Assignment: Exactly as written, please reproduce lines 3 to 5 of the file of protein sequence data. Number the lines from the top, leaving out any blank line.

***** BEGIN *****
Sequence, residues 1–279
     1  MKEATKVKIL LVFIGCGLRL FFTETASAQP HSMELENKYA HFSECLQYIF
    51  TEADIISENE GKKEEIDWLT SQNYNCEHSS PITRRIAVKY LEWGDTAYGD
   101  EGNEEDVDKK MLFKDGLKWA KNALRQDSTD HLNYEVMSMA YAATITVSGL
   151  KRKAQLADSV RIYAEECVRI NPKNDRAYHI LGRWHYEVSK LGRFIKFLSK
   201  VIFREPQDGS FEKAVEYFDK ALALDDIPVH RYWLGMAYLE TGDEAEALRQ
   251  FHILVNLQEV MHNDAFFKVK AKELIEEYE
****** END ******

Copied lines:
    51  TEADIISENE GKKEEIDWLT SQNYNCEHSS PITRRIAVKY LEWGDTAYGD
   101  EGNEEDVDKK MLFKDGLKWA KNALRQDSTD HLNYEVMSMA YAATITVSGL
   151  KRKAQLADSV RIYAEECVRI NPKNDRAYHI LGRWHYEVSK LGRFIKFLSK